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      Timing of onset of CKD-related metabolic complications.

      Journal of the American Society of Nephrology : JASN
      Acidosis, epidemiology, Adult, Aged, Anemia, Chronic Disease, Female, Glomerular Filtration Rate, Humans, Hyperkalemia, Hyperparathyroidism, Hyperphosphatemia, Kidney Diseases, complications, metabolism, Male, Middle Aged, Odds Ratio, Prevalence, Time Factors

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          Abstract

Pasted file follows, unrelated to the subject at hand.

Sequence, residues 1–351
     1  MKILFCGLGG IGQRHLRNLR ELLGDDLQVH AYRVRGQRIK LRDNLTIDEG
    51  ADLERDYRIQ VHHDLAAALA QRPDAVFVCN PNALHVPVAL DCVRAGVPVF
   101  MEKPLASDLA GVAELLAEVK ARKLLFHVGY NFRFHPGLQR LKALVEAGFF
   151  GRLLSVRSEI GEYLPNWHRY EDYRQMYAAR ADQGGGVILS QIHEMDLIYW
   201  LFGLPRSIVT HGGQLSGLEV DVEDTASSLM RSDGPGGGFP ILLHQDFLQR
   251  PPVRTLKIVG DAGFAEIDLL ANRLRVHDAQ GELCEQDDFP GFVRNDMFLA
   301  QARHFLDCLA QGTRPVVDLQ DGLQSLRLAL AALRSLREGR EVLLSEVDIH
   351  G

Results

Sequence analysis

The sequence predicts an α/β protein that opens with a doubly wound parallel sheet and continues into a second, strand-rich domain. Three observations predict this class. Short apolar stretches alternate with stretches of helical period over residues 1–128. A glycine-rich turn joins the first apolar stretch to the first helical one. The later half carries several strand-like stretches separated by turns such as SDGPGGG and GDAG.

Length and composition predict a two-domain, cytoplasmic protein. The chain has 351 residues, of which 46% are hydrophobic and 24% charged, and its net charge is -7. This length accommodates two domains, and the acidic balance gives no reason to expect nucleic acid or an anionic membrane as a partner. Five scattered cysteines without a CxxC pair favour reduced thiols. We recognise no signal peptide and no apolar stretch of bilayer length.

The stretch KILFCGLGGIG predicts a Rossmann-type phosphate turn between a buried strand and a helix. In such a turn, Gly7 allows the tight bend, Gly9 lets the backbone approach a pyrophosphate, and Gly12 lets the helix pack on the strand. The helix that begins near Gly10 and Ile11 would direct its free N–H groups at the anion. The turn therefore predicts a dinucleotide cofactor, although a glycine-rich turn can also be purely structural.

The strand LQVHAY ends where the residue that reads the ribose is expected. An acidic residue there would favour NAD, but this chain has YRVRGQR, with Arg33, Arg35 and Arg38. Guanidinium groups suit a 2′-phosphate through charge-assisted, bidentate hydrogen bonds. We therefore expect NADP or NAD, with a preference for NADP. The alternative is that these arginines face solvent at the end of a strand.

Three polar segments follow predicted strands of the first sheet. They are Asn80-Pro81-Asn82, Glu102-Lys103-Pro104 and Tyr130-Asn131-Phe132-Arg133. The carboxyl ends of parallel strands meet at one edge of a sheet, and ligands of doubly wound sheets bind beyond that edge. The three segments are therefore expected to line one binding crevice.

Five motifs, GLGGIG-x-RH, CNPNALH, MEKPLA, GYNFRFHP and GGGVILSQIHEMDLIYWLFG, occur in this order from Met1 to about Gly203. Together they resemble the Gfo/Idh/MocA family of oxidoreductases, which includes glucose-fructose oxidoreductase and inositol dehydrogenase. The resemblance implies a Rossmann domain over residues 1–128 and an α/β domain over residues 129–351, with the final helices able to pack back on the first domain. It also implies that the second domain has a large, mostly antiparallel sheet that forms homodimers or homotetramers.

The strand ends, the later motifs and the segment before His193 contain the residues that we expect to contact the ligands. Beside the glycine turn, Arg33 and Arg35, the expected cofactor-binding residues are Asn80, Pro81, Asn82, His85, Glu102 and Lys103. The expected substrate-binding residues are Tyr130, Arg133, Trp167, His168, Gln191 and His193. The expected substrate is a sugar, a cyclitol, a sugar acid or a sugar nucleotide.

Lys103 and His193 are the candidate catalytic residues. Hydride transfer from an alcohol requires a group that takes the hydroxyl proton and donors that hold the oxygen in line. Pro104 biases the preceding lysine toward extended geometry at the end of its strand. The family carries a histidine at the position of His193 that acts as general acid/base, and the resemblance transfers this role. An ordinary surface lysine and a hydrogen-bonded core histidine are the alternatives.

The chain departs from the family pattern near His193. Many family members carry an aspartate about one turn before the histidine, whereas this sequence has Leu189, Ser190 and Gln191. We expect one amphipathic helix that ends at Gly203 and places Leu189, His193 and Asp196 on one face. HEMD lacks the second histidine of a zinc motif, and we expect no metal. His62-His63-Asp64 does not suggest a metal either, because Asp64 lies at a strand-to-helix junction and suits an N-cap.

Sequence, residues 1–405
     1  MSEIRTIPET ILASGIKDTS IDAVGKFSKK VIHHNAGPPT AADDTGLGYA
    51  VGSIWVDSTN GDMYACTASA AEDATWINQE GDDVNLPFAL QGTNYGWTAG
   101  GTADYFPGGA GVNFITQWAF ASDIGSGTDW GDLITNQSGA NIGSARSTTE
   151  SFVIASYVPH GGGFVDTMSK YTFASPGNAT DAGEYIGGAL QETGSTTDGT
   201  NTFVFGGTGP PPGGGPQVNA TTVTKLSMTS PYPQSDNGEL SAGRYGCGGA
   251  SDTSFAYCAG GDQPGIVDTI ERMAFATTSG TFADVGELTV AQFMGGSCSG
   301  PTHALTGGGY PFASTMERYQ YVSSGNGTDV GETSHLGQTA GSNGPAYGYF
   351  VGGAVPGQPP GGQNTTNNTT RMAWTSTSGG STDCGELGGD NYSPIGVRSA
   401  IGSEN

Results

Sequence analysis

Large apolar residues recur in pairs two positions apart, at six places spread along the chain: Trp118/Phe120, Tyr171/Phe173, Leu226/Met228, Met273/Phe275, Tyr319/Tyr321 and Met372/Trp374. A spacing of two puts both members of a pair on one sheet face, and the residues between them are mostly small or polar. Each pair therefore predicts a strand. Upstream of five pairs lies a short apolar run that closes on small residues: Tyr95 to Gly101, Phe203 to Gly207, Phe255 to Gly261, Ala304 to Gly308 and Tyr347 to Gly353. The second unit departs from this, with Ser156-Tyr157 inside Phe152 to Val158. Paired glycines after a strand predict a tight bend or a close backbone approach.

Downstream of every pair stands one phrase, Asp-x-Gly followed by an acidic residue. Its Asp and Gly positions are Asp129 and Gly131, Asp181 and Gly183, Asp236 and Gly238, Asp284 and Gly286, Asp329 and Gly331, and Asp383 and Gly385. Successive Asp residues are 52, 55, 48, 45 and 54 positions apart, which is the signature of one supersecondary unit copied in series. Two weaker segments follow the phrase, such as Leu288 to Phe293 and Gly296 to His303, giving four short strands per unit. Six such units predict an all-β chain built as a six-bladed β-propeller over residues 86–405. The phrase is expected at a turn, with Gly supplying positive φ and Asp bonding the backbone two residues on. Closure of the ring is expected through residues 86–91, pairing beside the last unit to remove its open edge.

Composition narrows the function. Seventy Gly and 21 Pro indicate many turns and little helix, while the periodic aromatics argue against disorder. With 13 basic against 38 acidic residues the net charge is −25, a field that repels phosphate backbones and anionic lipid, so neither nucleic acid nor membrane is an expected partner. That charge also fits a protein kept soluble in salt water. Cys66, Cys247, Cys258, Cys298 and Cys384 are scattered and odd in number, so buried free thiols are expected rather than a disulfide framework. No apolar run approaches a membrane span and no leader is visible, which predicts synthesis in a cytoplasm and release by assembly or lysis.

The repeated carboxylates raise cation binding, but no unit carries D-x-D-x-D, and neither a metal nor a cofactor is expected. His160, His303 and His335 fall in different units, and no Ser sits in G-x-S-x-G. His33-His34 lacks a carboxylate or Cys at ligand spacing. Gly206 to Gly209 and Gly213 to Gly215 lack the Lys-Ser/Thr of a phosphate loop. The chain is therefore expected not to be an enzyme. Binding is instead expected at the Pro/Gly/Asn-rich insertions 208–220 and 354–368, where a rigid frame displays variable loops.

Chronic kidney disease (CKD) guidelines recommend evaluating patients with GFR <60 ml/min per 1.73 m(2) for complications, but little evidence supports the use of a single GFR threshold for all metabolic disorders. We used data from the NephroTest cohort, including 1038 adult patients who had stages 2 through 5 CKD and were not on dialysis, to study the occurrence of metabolic complications. GFR was measured using renal clearance of (51)Cr-EDTA (mGFR) and estimated using two equations derived from the Modification of Diet in Renal Disease study. As mGFR decreased from 60 to 90 to <20 ml/min per 1.73 m(2), the prevalence of hyperparathyroidism increased from 17 to 85%, anemia from 8 to 41%, hyperphosphatemia from 1 to 30%, metabolic acidosis from 2 to 39%, and hyperkalemia from 2 to 42%. Factors most strongly associated with metabolic complications, independent of mGFR, were younger age for acidosis and hyperphosphatemia, presence of diabetes for acidosis, diabetic kidney disease for anemia, and both male gender and the use of inhibitors of the renin-angiotensin system for hyperkalemia. mGFR thresholds for detecting complications with 90% sensitivity were 50, 44, 40, 39, and 37 ml/min per 1.73 m(2) for hyperparathyroidism, anemia, acidosis, hyperkalemia, and hyperphosphatemia, respectively. Analysis using estimated GFR produced similar results. In summary, this study describes the onset of CKD-related complications at different levels of GFR; anemia and hyperparathyroidism occur earlier than acidosis, hyperkalemia, and hyperphosphatemia.

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